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Dublin: 17 °C Friday 3 July, 2020

Irish hillwalkers warned about magnets in clothing sending compasses the wrong way

Mobile phones are also a problem.

Image: Shutterstock/Alexander Chaikin

HILLWALKERS ARE BEING advised to be aware of how magnets can affect compasses and navigation after a recent incident in Scotland involving a mobile phone.

The incident occurred in Glen Shee when a group of walkers wrongly headed east instead of west and became “totally disoriented” in low cloud, miles away from a road and their intended destination.

Mountaineering Scotland has said it’s believed the error occurred after a compass that was used for navigation was disrupted after it was put in a pocket next to a mobile phone.

“The reason for the error was the compass. It had been stored in a pocket next to a mobile phone in a case which had a magnetic closure on it, and the magnet had reversed the polarity of the compass needle, so that the north arrow pointed south,”  Mountaineering Scotland Heather Morning said.

Morning went on to say that there is a “growing concern” in mountaineering circles about not only phones affecting compasses but also magnetic strapping on pieces of clothing.

The rescue group warned that some popular outdoor clothing brands have been using magnets instead of Velcro on gloves, jackets and all manner of gear.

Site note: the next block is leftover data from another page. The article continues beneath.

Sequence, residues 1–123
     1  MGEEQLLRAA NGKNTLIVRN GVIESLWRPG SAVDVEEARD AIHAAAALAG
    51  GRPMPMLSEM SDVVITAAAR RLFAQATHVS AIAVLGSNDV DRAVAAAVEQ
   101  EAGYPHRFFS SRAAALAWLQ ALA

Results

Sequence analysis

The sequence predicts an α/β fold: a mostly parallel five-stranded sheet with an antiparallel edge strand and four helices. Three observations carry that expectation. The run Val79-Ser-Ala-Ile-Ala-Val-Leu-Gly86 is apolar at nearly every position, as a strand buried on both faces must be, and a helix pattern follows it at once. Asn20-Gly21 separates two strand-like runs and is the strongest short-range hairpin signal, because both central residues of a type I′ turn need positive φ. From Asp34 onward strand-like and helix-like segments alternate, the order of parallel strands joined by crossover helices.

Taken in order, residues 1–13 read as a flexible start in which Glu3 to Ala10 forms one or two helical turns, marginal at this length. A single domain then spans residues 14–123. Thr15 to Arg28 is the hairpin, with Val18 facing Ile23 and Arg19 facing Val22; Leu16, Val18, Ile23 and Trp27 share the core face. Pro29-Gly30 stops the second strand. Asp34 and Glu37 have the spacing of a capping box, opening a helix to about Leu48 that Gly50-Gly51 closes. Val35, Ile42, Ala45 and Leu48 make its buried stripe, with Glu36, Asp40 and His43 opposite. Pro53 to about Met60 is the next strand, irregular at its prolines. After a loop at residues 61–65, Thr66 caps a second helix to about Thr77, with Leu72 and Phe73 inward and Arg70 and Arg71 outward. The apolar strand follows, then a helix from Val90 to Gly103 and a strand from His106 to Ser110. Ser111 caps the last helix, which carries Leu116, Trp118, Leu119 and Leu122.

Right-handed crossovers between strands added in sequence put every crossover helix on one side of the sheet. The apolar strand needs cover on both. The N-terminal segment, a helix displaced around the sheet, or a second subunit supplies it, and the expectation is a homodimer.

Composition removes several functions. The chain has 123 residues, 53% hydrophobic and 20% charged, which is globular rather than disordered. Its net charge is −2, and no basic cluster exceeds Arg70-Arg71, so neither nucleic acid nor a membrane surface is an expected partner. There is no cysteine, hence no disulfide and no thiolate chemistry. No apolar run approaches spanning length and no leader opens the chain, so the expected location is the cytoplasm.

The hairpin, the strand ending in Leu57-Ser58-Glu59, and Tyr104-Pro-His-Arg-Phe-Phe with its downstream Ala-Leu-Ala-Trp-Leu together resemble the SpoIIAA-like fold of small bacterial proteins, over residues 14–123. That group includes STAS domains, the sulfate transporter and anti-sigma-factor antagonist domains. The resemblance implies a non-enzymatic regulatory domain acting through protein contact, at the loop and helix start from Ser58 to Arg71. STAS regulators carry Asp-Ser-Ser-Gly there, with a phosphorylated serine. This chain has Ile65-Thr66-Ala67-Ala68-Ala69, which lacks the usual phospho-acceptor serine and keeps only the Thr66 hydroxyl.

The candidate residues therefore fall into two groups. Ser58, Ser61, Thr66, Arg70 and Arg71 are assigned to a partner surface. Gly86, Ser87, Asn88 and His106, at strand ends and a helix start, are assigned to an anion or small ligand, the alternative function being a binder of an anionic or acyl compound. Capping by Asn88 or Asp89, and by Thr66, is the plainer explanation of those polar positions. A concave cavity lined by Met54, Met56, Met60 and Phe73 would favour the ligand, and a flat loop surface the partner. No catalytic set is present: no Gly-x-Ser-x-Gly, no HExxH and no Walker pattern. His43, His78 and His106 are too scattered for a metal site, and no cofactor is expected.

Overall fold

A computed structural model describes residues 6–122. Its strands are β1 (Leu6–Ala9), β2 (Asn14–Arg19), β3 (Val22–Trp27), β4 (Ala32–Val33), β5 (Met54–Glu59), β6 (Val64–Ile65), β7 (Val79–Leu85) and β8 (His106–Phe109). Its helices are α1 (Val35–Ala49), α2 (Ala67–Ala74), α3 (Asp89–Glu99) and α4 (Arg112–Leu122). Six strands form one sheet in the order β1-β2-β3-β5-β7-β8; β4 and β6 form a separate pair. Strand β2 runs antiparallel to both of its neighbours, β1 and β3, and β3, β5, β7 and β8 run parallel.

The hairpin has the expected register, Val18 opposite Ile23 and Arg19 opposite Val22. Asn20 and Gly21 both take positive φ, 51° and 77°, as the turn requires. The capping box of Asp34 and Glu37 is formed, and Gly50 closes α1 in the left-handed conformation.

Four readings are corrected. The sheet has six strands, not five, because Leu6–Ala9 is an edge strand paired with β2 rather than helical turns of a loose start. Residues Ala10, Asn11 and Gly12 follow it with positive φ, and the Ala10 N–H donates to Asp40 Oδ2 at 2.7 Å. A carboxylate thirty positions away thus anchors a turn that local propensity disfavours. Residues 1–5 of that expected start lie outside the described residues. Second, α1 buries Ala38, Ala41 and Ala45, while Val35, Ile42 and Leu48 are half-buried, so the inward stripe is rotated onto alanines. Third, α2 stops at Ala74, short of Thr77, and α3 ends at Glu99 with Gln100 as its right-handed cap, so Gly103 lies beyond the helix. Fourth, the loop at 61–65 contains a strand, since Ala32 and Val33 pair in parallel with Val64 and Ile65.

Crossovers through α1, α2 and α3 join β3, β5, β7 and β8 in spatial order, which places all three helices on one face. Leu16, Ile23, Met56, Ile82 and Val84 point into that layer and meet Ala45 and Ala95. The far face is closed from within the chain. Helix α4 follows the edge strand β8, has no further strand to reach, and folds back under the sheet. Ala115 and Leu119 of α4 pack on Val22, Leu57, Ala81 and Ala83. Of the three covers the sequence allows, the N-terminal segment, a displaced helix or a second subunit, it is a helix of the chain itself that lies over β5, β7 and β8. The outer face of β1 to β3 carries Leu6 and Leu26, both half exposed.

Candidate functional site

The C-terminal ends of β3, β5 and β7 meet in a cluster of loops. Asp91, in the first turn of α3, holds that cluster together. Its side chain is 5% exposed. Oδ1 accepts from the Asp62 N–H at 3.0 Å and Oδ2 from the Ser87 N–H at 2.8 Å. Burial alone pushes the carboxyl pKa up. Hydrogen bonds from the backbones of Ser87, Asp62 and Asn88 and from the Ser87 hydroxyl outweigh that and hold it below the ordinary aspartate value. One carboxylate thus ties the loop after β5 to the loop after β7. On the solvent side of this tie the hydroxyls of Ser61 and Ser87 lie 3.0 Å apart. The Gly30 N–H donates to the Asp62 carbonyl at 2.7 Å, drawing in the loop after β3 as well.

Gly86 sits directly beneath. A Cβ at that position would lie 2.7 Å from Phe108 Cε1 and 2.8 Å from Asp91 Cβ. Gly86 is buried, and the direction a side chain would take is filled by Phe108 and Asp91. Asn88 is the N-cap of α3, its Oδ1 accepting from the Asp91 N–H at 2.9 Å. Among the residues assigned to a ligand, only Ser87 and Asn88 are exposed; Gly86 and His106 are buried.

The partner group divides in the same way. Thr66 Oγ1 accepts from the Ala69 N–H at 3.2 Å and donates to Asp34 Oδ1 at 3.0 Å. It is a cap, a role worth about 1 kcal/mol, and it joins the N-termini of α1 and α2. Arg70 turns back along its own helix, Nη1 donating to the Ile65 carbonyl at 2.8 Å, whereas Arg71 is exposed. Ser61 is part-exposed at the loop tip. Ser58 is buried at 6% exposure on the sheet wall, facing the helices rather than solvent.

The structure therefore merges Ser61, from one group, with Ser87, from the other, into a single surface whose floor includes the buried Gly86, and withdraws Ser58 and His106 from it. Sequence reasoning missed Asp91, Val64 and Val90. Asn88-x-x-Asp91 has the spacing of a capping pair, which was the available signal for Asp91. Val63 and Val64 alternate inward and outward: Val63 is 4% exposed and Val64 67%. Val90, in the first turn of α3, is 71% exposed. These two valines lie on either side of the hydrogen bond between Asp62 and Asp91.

“My advice is to steer well clear of any garments,” Morning said.

Asked by whether the incident should be a concern for Irish hillwalkers, the Dublin and Wicklow Mountain Rescue Team said that compasses being reversed can happen but can be spotted by following some simple tips.

“A compass having its polarity reversed is not very common, but it can happen relatively easily,” DWMRT’s spokesperson John Kavanagh said.

He then passed on this advice to avoid it happening:

It’s usually easy to spot if you check your compass in an area you’re very familiar with, ideally before you leave home. If it does happen, it can lead to what’s known as a 180 error, where a person takes the opposite direction to their intended heading. In poor visibility a 180 error can have very serious consequences, occasionally leading to fatal accidents.

A more difficult problem to spot is when the heading indicated by a compass is altered by less than 180 degrees. This can be the result of magnetic fasteners in clothing and equipment, usually close to the compass while it’s in use. It’s less obvious, but can be just as dangerous.

“Our advice is to learn to navigate, keep practicing, and stay alert. Take adequate breaks, and don’t go out walking if you’re too fatigued. The more alert and practiced you are, the more likely you are to catch a mistake before it becomes a problem.”

Read: Man arrested after stabbing at the Hell Fire Club in south Dublin >

Read: Heading for the hills today? Here are 18 tips to stay safe on Ireland’s mountains >

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Rónán Duffy

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